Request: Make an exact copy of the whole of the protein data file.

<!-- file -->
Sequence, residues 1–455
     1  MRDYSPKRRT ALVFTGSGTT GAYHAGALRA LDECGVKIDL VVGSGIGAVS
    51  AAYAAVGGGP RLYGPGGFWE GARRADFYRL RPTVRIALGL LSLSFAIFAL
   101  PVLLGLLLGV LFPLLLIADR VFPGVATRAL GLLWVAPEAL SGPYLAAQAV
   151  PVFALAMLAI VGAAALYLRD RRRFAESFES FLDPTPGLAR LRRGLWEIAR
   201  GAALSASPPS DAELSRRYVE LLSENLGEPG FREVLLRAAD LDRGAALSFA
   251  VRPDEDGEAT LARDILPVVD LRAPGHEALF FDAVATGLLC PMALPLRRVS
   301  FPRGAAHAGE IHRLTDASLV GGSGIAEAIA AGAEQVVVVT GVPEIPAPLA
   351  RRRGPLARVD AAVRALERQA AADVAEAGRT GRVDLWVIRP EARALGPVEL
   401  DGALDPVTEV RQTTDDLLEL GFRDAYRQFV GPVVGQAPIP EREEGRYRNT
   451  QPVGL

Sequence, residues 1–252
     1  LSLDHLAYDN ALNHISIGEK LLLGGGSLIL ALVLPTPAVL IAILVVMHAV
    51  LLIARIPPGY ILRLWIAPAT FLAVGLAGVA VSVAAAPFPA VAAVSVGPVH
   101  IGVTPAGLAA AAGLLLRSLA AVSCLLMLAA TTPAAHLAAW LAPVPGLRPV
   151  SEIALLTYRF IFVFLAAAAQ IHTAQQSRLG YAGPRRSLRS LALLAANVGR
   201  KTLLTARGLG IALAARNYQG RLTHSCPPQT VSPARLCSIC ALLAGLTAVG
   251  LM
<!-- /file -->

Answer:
Sequence, residues 1–455
     1  MRDYSPKRRT ALVFTGSGTT GAYHAGALRA LDECGVKIDL VVGSGIGAVS
    51  AAYAAVGGGP RLYGPGGFWE GARRADFYRL RPTVRIALGL LSLSFAIFAL
   101  PVLLGLLLGV LFPLLLIADR VFPGVATRAL GLLWVAPEAL SGPYLAAQAV
   151  PVFALAMLAI VGAAALYLRD RRRFAESFES FLDPTPGLAR LRRGLWEIAR
   201  GAALSASPPS DAELSRRYVE LLSENLGEPG FREVLLRAAD LDRGAALSFA
   251  VRPDEDGEAT LARDILPVVD LRAPGHEALF FDAVATGLLC PMALPLRRVS
   301  FPRGAAHAGE IHRLTDASLV GGSGIAEAIA AGAEQVVVVT GVPEIPAPLA
   351  RRRGPLARVD AAVRALERQA AADVAEAGRT GRVDLWVIRP EARALGPVEL
   401  DGALDPVTEV RQTTDDLLEL GFRDAYRQFV GPVVGQAPIP EREEGRYRNT
   451  QPVGL

Sequence, residues 1–252
     1  LSLDHLAYDN ALNHISIGEK LLLGGGSLIL ALVLPTPAVL IAILVVMHAV
    51  LLIARIPPGY ILRLWIAPAT FLAVGLAGVA VSVAAAPFPA VAAVSVGPVH
   101  IGVTPAGLAA AAGLLLRSLA AVSCLLMLAA TTPAAHLAAW LAPVPGLRPV
   151  SEIALLTYRF IFVFLAAAAQ IHTAQQSRLG YAGPRRSLRS LALLAANVGR
   201  KTLLTARGLG IALAARNYQG RLTHSCPPQT VSPARLCSIC ALLAGLTAVG
   251  LM